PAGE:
Receiving unemployment income benefits while your Social Security disability case is still pending can be problematic.
In order to receive unemployment income benefits, you are required to hold yourself out as ready, willing, and able to work and you have to certify that you are actively looking for work. However, the Social Security Administration requires you to show you are not capable of substantial gainful activity. This includes not only your past work (generally, work you’ve done in the last 15 years) but other less physically and mentally demanding work.
When you file for both unemployment income benefits and Social Security disability benefits, you are saying that you are able to work but can’t find a job and that you are too disabled to work at the same time. In the eyes of many administrative law judges, this represents a conflict in your statements, and thus a “smoking gun” to your lack of credibility, which can be used to deny your case.
Official Policy of the Social Security Administration
SSA’s policy is this: receipt of unemployment income benefits does not necessarily bar social security disability benefits, but the SSA does consider it when deciding whether you are disabled or not. Former Chief Administrative Law Judge Frank A. Cristaudo issued two “policy” statements on November 15, 2006 and August 9, 2010 in which he stated the following:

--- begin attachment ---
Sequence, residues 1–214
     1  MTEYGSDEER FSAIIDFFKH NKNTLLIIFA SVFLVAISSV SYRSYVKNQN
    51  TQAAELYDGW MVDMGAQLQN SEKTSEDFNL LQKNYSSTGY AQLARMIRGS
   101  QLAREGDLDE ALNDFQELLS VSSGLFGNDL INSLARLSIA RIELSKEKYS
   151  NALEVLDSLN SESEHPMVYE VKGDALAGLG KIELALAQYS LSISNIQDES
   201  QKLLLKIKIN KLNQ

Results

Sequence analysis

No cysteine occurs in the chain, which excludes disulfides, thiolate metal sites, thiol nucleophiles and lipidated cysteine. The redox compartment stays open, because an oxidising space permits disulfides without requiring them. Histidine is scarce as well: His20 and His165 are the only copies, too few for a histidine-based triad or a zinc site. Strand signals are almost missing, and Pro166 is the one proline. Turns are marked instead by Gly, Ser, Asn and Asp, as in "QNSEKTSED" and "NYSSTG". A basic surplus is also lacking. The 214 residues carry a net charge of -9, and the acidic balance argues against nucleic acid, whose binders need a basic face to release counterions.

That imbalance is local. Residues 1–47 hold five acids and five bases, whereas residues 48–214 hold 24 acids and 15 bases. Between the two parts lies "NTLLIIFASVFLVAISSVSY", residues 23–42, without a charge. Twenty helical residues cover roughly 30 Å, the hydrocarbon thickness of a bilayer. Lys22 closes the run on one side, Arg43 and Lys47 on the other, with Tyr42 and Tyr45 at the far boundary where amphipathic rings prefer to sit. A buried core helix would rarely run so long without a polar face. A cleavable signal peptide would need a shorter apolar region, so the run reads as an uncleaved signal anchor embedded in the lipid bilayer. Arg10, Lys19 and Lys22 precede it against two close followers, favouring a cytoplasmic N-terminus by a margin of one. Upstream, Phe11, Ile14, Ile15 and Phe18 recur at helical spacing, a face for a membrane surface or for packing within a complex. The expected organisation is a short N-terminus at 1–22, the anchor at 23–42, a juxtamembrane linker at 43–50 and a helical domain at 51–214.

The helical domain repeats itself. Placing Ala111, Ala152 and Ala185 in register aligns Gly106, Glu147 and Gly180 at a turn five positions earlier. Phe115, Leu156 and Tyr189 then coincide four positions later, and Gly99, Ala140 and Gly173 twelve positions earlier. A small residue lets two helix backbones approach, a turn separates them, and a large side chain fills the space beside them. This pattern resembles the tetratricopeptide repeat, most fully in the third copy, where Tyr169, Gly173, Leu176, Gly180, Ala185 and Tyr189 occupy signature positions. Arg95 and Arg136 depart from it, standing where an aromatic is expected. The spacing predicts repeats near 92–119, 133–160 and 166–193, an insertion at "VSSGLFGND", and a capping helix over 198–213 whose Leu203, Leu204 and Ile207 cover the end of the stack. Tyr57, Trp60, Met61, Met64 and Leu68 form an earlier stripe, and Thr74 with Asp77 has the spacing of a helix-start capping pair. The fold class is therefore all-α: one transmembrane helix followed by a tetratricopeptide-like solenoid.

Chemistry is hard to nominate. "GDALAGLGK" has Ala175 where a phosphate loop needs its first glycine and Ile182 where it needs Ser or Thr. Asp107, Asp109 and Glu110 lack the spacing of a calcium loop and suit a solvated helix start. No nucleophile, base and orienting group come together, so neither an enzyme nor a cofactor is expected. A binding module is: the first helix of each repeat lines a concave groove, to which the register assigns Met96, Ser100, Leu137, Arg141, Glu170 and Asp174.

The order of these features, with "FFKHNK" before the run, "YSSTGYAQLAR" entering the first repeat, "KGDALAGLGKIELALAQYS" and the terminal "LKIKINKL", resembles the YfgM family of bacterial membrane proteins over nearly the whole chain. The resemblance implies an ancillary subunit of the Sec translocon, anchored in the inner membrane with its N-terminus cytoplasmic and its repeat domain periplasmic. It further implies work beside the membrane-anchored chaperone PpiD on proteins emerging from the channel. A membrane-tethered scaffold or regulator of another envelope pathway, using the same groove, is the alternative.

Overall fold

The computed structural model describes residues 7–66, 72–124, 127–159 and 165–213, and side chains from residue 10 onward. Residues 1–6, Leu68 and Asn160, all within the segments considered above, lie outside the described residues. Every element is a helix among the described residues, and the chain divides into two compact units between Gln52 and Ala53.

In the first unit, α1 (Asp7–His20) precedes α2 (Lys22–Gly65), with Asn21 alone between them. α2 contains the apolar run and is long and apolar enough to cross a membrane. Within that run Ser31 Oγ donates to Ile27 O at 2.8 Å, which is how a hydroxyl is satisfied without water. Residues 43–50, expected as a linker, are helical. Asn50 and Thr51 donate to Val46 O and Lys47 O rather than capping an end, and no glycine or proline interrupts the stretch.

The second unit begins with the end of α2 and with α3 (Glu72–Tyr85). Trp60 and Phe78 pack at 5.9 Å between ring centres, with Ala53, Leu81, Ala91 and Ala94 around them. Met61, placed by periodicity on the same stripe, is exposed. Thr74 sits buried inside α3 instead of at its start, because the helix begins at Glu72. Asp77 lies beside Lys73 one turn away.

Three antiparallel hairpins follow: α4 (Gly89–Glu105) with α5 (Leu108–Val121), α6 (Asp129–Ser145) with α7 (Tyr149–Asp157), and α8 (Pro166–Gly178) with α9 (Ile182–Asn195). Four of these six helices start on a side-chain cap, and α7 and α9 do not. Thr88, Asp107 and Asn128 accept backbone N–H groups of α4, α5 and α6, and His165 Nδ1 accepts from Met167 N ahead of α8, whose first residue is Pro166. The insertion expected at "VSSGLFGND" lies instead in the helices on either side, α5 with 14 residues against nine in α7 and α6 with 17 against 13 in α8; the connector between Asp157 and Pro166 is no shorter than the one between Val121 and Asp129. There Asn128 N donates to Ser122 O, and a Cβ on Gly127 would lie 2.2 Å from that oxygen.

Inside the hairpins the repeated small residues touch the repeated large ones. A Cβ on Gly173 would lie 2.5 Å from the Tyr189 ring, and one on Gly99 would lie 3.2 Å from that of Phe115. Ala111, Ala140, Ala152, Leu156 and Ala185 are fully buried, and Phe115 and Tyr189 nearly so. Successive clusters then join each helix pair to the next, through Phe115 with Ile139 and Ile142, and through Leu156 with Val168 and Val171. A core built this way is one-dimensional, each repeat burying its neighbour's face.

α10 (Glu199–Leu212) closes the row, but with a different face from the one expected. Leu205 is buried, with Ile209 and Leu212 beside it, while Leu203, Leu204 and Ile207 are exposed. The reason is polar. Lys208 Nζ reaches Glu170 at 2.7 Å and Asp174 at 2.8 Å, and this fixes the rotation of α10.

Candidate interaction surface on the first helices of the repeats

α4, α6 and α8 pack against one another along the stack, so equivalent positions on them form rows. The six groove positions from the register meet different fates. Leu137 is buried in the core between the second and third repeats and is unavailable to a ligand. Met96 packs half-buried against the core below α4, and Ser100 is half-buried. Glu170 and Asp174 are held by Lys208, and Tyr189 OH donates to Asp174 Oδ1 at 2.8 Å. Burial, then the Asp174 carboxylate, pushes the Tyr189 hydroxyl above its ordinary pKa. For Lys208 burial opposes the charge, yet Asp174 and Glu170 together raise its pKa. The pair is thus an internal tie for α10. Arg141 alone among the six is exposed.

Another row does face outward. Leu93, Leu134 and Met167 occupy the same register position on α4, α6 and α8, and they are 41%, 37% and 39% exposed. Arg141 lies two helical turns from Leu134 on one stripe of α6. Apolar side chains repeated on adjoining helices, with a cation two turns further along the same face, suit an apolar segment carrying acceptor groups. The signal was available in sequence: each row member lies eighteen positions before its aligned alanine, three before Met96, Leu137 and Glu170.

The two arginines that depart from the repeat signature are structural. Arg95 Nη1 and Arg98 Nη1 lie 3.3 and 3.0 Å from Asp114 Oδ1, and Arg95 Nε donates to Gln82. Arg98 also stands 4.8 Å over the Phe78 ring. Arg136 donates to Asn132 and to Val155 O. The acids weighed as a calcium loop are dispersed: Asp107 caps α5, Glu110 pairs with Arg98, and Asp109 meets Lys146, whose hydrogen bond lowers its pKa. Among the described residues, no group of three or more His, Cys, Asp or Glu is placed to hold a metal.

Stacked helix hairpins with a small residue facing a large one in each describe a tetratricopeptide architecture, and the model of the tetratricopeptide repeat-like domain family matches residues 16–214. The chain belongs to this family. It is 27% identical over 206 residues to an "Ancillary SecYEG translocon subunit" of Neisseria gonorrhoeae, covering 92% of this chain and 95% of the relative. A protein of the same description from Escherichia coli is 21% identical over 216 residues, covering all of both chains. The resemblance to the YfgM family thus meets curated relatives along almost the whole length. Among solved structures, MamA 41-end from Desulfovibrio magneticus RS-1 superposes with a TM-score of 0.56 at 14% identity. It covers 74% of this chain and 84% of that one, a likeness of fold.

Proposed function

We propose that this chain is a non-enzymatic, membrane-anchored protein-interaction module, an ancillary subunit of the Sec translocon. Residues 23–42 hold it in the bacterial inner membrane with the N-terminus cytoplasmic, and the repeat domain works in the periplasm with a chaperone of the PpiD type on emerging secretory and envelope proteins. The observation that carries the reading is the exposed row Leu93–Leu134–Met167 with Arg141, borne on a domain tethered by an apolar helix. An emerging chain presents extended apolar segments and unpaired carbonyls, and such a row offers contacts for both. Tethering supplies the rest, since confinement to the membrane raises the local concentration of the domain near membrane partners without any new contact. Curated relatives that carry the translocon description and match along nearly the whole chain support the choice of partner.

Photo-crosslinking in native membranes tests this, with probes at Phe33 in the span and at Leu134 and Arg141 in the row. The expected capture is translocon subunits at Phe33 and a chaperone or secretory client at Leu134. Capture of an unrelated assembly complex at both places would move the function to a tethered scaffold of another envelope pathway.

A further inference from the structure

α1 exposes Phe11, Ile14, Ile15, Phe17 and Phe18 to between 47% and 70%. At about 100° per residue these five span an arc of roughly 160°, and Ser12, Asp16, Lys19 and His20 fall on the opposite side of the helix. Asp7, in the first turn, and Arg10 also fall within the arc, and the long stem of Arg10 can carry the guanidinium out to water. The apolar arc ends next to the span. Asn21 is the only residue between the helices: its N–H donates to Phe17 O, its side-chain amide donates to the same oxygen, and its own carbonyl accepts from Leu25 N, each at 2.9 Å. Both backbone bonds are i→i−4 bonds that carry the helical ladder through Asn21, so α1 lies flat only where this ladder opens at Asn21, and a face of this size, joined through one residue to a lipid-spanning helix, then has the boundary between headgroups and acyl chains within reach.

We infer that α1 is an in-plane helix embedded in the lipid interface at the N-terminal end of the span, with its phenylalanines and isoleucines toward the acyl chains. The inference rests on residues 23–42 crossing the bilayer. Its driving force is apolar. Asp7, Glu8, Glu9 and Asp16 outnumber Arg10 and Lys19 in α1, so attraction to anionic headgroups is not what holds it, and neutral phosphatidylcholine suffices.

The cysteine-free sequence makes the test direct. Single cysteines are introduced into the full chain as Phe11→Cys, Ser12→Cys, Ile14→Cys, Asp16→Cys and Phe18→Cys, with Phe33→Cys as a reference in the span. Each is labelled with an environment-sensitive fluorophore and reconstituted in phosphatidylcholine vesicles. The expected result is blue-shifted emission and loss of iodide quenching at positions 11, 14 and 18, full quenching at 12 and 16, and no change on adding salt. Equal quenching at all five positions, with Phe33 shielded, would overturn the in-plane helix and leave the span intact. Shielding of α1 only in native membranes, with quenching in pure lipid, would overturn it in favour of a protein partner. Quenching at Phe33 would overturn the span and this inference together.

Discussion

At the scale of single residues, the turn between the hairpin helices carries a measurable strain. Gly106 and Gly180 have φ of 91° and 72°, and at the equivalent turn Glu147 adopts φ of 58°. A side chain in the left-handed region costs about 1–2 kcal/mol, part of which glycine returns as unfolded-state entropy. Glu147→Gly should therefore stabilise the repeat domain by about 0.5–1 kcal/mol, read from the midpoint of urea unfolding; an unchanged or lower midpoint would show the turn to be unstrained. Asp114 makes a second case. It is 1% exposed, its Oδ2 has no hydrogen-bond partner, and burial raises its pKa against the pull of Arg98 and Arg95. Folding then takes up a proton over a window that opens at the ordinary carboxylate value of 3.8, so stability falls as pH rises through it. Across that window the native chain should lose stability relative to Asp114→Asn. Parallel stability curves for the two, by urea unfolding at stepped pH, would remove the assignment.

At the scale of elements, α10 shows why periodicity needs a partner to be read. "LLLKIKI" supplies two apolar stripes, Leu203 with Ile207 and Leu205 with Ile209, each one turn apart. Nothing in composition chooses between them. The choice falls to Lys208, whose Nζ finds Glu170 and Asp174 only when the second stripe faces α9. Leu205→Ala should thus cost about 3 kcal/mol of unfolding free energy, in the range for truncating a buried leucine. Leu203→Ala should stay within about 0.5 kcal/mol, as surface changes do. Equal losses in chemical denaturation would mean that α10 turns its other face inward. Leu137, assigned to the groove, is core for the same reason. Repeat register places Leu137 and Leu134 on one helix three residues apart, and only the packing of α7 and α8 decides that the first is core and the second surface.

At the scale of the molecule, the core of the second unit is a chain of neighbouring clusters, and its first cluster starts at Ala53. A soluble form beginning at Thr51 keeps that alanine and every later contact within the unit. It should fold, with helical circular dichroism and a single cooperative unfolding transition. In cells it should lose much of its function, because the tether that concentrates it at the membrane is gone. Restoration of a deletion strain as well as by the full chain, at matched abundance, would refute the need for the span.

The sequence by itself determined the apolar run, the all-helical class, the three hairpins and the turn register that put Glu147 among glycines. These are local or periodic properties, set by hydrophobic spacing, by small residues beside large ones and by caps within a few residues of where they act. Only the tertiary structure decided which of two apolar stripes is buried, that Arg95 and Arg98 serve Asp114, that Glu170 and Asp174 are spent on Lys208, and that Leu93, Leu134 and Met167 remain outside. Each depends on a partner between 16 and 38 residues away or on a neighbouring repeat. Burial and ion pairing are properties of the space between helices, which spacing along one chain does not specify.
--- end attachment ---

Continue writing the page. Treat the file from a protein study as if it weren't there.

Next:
“Receipt of unemployment benefits does not preclude the receipt of Social Security disability benefits. The receipt of unemployment benefits is only one of many factors that must be considered in determining whether the claimant is disabled. See 20 CFR 404.1512(b) and 416.912(b).”
Many social security claimants who receive unemployment income benefits explain they have no choice but to at least try and look for work if this is the only means by which they can maintain a place to live and put food on their table. Some judges sympathize with this plight and some don’t.
What if You Are Receiving Unemployment Benefits
The bottom line is this: Receiving unemployment income benefits may or may not affect the outcome of your Social Security disability case.
Every case is different. Every judge is different.
That is why it is so important for you to sit down with your attorney and discuss the facts particular to your case. In our office, we conduct in-person interviews of about an hour to two hours long. We take the time necessary to listen to you and explain your legal rights so that the presiding administrative law judge has all the facts that are relevant to your case.
by Paul B. Burkhalter Managing Partner of Morgan & Weisbrod, Board Certified in Social Security Disability Law.